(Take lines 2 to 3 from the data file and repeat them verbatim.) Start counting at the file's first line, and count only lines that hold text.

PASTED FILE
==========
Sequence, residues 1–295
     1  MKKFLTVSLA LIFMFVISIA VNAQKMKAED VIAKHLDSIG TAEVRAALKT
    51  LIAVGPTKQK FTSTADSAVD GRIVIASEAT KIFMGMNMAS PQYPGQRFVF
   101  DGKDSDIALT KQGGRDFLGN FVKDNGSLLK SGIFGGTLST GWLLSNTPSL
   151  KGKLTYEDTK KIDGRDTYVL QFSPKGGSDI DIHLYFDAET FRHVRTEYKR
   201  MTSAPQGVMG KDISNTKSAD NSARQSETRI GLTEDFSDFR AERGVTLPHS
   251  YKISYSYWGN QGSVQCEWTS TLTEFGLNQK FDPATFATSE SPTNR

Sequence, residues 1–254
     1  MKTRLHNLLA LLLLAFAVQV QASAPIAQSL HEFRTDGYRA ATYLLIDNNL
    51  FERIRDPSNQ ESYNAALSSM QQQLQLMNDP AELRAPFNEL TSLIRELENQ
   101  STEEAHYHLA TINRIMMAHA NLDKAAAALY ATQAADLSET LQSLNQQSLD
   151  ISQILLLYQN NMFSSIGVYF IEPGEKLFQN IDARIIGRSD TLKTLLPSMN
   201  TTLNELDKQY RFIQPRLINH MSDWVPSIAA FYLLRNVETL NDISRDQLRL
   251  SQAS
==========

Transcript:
     1  MKKFLTVSLA LIFMFVISIA VNAQKMKAED VIAKHLDSIG TAEVRAALKT
    51  LIAVGPTKQK FTSTADSAVD GRIVIASEAT KIFMGMNMAS PQYPGQRFVF